It is the third kind that let's you see what is in the box. A boxed game such as Federation & Empire is taken out of the box item by item so that you can see what's in there. From rulebook, to charts, to maps, to counters, each item is shown and discussed. It's a lot of information to pack into a short clip, but SVC and Mike manage it.

Check out our channel at http://www.youtube.com/user/starfleetgames and be sure to bring the popcorn!

Saturday, June 18, 2016

How to Find New Opponents

Steve Cole writes:

Many gamers are looking for new opponents. This is nothing new. When I was a teenager, there were maybe four war gamers in Amarillo that I knew, but there must have been more as the one store that carried Avalon Hill games (then the only wargames) would sell one or two now and then that my friends and I knew we didn't buy. Funny, it never once occurred to us to ask the store manager to give our phone numbers to the other guys. When I was in college, SPI (then the second wargame company and rapidly becoming larger and more innovative than Avalon Hill) had an opponent wanted list. I sent in my dollar to get it, and found only one person (of the 20 on the list) who was within 120 miles; the first and last person on the list were each 450 miles away (in opposite directions).

These days, the concept of contacting other gamers has had decades to mature, works much better, and there are a lot of ways to do it. For best results, you should do all of them.

If you play Federation Commander, then you can go to the Commander's Circle and enter your data (as much or as little as you are comfortable with) and perhaps find opponents near you. We are gaining new sign-ins every day, and since it's free you can try it every month or two and find out if somebody nearby has signed in. http://www.starfleetgames.com/federation/Commanders%20Circle/

Primarily for Federation Commander players, the Forum has a topic where local stores and groups post announcements and invitations. Players can let other players know they're around. How silly would you feel if you found out that the guy who you've been arguing with on the forum for years actually lives in your town. (That HAS happened.) http://www.federationcommander.com/phpBB2

You can to go to a local store and ask them to let you post a notice looking for opponents. You could also run a demo of your favorite game(s) and "grow your own" opponents. If a person already plays the game you are demoing, he'll doubtless drop by just to swap phone numbers.

Many towns have community bulletin boards on the local cable company's "home" channel. These are variously free or cost just a couple of dollars. It's hit-and-miss, but you could get lucky. (When I commanded Company C of the 1-39 MPs, I gained a dozen new recruits in a year that came from cable TV.) You could also buy a cheap want ad in the newspaper or the free advertising newspaper (American's Want Ads or whatever yours is called) found in quickie marts. There is also Craigslist, but you should use the normal caution you would for meeting a stranger.

The quickest result, probably, is Starlist. Go to http://starfleetgames.com/starlist.shtml. Enter your data in the form, and you'll get a list of local players back. (This may take a day or two as it is done by hand.) Starlist is the most effective hunt for new players because the database has some 5,000 players in it, far more than all of the other sources combined. The only drawback is that Starlist works with full information (name and address) and those who are seriously concerned about identity theft often find this uncomfortable. In all reality, however, Starlist would not give an identity thief any more information than a local phone book would, and if that's enough for those criminals to operate, they would be vastly more likely to use the phone book than to request a copy of Starlist.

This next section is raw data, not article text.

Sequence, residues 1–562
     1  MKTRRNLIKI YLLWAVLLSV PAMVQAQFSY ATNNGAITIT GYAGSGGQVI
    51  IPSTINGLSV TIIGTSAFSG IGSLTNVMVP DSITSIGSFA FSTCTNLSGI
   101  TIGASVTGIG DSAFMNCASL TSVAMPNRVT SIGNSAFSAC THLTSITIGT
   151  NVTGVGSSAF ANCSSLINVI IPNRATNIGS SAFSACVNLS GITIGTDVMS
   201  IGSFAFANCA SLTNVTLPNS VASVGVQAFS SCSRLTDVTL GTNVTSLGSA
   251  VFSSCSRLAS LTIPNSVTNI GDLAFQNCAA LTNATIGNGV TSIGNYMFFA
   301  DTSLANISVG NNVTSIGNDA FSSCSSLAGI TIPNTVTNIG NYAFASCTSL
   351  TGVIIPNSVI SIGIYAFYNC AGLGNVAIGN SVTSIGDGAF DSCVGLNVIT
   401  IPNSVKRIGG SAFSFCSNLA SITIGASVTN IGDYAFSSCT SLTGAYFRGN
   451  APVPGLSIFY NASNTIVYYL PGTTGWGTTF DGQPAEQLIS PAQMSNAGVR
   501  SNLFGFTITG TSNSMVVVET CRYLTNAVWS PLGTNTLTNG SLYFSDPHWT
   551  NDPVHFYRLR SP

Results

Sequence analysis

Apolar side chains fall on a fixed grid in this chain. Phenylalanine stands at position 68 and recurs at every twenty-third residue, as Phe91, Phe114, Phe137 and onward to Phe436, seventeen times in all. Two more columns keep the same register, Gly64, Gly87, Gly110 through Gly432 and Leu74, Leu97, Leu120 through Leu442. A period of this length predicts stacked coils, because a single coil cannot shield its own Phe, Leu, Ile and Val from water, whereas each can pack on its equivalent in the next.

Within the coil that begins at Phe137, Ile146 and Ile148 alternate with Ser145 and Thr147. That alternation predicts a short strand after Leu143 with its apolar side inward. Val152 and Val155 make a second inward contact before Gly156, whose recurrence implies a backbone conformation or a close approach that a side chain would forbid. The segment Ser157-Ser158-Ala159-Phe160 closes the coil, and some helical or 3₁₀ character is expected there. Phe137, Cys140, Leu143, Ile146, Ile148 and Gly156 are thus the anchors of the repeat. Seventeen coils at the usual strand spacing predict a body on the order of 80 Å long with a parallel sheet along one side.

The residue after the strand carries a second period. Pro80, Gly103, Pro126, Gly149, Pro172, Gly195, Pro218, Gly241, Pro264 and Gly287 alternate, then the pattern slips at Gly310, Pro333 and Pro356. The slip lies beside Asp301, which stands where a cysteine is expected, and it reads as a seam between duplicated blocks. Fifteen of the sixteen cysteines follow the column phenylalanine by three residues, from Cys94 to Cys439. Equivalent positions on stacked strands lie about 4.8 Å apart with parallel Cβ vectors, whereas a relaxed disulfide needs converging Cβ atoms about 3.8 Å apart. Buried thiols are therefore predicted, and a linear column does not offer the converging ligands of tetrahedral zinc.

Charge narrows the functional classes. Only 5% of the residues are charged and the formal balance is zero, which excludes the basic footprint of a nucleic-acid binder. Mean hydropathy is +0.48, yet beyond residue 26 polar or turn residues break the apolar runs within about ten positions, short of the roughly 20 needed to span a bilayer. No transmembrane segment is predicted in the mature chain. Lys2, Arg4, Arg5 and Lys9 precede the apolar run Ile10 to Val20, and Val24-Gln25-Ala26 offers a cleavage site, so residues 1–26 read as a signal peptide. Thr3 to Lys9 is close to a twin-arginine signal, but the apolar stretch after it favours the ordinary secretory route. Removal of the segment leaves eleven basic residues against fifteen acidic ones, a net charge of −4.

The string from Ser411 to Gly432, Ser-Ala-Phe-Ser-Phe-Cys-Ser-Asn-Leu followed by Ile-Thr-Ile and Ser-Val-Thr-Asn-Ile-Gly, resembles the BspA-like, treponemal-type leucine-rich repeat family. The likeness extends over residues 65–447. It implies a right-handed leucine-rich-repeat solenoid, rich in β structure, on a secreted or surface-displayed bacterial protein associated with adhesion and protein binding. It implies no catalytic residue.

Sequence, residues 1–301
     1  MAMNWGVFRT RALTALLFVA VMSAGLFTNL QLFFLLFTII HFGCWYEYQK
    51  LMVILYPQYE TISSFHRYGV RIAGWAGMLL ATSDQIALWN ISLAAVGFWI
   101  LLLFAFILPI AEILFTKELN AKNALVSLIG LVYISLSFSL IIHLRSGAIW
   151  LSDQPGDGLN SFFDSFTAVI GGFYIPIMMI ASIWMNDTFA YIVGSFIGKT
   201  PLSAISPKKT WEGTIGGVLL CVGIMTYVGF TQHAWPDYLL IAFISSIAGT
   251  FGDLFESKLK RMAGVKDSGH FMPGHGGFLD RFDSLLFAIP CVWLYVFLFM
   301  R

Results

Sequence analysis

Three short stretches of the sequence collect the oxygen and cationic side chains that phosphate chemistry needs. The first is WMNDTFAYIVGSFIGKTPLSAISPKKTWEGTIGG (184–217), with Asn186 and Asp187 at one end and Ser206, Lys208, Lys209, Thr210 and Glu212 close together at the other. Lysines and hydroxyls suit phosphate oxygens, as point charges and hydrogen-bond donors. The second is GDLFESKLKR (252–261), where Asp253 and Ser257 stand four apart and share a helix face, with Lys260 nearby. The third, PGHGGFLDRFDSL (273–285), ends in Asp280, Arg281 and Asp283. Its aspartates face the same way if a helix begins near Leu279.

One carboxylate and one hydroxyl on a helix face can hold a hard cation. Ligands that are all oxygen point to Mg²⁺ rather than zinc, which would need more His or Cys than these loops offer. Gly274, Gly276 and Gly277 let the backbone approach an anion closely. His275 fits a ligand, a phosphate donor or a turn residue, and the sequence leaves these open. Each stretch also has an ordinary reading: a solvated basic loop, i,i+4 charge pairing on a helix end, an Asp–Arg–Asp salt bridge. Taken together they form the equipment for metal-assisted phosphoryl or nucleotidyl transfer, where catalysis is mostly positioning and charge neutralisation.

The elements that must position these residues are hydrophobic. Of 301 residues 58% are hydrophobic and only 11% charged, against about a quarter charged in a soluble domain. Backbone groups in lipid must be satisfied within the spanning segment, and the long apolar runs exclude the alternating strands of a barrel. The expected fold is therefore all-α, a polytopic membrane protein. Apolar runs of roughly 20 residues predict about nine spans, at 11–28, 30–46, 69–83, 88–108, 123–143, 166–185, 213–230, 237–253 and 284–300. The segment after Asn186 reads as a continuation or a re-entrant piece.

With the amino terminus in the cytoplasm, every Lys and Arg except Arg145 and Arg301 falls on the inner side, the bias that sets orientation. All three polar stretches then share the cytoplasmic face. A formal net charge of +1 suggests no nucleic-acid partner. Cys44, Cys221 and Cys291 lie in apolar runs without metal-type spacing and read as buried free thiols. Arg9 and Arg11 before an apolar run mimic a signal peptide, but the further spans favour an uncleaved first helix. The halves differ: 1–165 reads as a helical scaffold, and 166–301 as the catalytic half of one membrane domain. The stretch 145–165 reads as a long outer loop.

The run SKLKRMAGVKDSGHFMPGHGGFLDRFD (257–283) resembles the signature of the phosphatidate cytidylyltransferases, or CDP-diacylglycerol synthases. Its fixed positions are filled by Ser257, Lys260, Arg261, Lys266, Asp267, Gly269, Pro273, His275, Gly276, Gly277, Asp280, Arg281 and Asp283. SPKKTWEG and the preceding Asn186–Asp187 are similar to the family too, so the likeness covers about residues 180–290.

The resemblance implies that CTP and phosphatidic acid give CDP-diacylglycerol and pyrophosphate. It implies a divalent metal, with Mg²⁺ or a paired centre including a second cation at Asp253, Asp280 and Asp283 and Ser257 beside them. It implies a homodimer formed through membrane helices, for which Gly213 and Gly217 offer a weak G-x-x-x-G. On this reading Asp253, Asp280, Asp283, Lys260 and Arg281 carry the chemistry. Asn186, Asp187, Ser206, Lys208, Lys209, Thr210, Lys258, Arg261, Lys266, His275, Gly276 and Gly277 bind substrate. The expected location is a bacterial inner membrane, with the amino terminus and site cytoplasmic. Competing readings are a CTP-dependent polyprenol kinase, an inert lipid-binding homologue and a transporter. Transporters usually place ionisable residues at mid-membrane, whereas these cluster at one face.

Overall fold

You can find opponents for all of our games on our BBS. Go to http://www.starfleetgames.com/discus/ and you'll see "Seeking Opponents" on the main menu. You can post a notice there (and search the previous postings). Again, you can post as much or as little information as you are comfortable with.

Friends of our page on Facebook can post to see who is out there. Not a friend? Become one here: http://www.facebook.com/pages/Amarillo-Design-Bureau-Inc/231728653279?ref=mf

With more effort, you can post opponent wanted notices in a whole lot of boardgame sites (see http://www.starfleetgames.com/links.shtml for suggestions).

If there is a game convention within driving distance, it's worth a trip to see if you might find someone who is also within driving distance. If there is a game club in your home town or a store with a gaming area, go there and set up the game and wait for somebody to ask what it is. (Even better, take a friend who will play the game with you so you won't be bored.) If there is a Star Trek club in your home town, show them Federation Commander or Star Fleet Battle Force. There are people who have printed a card with the logo of one of our games and their email address and left these in the windows of their cars who got emails from other gamers in their home towns who were seeking opponents.

You can go always go to SFB Online (http://www.sfbonline.com/index.jsp) and play Star Fleet Battles and Federation Commander online with live opponents from around the world for the princely sum of $5 per month. You might even stumble into somebody local.

There are probably more ways than this to find opponents, but unless you live in a cave somewhere, you can almost certainly find a new friend within a short while by trying these methods.